Long-Tailed Ducks breed in the Arctic North and migrate short distances for the winter. They barely travel south of New England or the Pacific Northwest. In Maine, they are often far from the coast in deep, ocean waters, as they can dive up to 200 feet below the surface for their food.
Perhaps the most unusual trait of the Long-Tailed Duck is the way that it changes in appearance between breeding and non-breeding seasons.
Plenty of ducks, especially males, lose their vibrant colors after the breeding season, but Long-Tailed Ducks do something totally different. They reverse their colors.
Males and females alike will change the white areas on their bodies for dark feathers, and their dark feathers for white ones. Males are black and white, with some gray. Females are brown and white.
Mallard Duck (Dabbling Duck)
- Anas platyrhynchos
- Length: 19.7 – 25.6 in (50 – 65 cm)
- Weight: 35.3 – 45.9 oz (1000 – 1300 g)
- Wingspan: 32.3 – 37.4 in (82 – 95 cm)
Mallards are prevalent across much of the world, including most of North America. They are plentiful in Maine, especially along the Atlantic Coast. They inhabit the state year-round, usually in wetlands.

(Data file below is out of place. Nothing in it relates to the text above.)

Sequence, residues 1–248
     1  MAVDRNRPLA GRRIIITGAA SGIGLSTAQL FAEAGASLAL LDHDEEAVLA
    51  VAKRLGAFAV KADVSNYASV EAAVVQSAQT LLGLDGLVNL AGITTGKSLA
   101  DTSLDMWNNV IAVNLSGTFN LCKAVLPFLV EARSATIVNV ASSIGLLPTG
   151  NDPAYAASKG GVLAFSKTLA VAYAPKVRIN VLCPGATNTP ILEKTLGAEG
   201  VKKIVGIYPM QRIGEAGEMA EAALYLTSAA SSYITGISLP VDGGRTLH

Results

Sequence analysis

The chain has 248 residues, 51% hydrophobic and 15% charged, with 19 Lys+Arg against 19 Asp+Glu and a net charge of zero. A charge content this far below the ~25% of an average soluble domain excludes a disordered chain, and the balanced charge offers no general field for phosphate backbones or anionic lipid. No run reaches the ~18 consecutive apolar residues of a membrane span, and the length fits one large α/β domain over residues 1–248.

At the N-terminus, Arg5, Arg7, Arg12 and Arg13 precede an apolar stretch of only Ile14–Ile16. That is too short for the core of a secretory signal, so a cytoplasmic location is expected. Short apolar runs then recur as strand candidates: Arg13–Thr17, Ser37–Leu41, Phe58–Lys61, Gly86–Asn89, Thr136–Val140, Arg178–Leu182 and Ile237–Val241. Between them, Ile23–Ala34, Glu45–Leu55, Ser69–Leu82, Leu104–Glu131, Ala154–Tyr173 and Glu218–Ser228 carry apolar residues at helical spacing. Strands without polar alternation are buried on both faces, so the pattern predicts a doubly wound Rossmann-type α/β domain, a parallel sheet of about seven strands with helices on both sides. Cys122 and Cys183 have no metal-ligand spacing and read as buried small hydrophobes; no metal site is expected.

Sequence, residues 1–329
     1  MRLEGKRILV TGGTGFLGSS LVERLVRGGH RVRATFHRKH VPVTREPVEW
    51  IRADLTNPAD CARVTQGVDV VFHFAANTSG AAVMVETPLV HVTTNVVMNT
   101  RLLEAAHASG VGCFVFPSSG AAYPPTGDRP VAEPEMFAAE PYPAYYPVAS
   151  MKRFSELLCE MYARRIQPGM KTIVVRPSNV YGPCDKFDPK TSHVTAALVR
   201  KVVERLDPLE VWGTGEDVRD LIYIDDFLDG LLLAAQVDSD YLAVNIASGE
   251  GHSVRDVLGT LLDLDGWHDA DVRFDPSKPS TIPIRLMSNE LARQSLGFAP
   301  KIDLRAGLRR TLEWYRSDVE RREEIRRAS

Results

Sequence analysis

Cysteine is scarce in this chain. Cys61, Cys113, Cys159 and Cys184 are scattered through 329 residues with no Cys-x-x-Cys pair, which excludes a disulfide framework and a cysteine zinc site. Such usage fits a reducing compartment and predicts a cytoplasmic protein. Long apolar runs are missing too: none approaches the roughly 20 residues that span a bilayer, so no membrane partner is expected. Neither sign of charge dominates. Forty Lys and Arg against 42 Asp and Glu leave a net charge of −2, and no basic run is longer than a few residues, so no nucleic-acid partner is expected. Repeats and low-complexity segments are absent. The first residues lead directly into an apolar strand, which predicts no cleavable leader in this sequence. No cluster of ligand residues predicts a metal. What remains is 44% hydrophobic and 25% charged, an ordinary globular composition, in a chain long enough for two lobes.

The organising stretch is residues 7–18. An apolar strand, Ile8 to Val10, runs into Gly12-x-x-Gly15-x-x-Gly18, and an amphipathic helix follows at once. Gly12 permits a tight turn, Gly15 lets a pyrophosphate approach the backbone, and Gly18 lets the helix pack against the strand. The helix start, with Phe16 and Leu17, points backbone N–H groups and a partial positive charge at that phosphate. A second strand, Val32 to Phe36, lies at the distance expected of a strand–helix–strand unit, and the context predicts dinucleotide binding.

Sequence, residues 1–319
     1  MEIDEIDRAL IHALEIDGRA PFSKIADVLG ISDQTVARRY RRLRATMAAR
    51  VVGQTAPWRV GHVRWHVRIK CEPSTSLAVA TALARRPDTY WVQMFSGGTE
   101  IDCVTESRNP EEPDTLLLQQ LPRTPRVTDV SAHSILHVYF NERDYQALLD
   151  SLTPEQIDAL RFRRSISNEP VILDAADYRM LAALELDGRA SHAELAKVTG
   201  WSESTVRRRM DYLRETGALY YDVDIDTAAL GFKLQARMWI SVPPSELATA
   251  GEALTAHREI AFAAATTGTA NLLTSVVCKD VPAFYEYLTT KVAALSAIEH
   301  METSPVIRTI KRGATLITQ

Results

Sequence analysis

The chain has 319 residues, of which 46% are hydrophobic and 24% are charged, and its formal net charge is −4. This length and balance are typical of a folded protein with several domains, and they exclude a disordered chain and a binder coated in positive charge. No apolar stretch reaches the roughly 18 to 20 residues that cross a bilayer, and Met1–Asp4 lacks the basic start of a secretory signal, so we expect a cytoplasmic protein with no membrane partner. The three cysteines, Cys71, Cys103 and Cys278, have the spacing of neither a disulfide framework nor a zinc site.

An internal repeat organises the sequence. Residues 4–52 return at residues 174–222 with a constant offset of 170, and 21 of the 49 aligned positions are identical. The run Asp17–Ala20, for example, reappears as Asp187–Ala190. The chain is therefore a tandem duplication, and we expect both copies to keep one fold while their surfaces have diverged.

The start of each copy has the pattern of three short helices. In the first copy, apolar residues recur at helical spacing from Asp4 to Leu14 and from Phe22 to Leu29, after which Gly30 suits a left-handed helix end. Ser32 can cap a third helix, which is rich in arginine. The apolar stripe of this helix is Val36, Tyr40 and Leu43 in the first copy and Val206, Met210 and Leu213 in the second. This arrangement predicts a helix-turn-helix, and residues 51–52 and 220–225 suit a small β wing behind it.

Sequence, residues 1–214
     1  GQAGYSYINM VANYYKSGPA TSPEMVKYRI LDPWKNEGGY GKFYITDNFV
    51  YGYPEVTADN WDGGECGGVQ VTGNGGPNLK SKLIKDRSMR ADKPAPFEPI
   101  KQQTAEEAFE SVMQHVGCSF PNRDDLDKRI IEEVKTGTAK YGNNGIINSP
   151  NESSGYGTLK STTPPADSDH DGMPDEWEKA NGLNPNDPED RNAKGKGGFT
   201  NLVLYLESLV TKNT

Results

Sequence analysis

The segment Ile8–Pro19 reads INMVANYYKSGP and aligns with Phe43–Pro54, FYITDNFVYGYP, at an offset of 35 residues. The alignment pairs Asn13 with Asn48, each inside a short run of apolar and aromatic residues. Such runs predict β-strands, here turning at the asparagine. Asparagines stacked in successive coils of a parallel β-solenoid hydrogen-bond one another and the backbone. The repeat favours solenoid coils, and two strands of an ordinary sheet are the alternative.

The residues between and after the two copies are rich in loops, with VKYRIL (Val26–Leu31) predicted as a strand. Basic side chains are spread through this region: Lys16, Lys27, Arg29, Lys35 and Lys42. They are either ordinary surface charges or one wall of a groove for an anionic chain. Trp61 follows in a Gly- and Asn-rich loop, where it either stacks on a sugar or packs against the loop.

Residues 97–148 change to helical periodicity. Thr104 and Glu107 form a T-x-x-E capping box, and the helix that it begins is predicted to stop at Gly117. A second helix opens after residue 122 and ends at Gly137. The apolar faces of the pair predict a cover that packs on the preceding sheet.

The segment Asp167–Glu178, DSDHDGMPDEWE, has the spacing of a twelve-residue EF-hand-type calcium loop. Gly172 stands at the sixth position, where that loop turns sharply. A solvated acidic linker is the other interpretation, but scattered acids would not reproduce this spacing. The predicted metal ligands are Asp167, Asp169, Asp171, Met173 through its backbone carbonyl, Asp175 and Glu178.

As nighttime foragers, Mallards are important to the ecosystems where they live, as they spread seeds everywhere they go. Their diet consists of seeds, roots, stems, and other parts of the plants.
The male Mallard may be the most iconic duck in the world, with his iridescent green head, white ring around his neck, gray body, blue speculum, brown breast, and yellow bill.
Females are patterned in multiple shades of brown. Her head is light brown, and her bill is mostly orange but topped and tipped in black.
One of the reasons Mallards are so easy to identify, even for new birders, is the fact that most of us grow up with images of these ducks all around us. They are frequently represented in home decor, paintings, figurines, and even kids’ toys.
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Northern Pintail (Dabbling Duck)
- Anas acuta
- Length: 20 – 26 in (51 – 66 cm)
- Weight: 36.33 oz (1030 g)
- Wingspan: 29 – 35 in (74 – 89 cm)
Maine is part of the Northern Pintail’s migration routes, in between their northern breeding grounds and southern wintering territory. Their diet is mostly made up of seeds and grasses, but they are also willing to eat insects and crustaceans.